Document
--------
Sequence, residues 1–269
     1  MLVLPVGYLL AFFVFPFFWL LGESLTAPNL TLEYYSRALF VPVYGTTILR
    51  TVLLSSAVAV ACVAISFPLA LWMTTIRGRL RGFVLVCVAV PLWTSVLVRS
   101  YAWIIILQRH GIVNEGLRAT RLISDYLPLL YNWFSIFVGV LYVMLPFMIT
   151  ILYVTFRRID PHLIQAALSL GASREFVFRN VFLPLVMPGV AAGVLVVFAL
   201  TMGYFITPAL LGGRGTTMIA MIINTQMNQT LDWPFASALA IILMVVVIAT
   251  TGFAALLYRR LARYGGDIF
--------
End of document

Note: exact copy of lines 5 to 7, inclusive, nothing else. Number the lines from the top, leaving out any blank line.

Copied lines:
   151  ILYVTFRRID PHLIQAALSL GASREFVFRN VFLPLVMPGV AAGVLVVFAL
   201  TMGYFITPAL LGGRGTTMIA MIINTQMNQT LDWPFASALA IILMVVVIAT
   251  TGFAALLYRR LARYGGDIF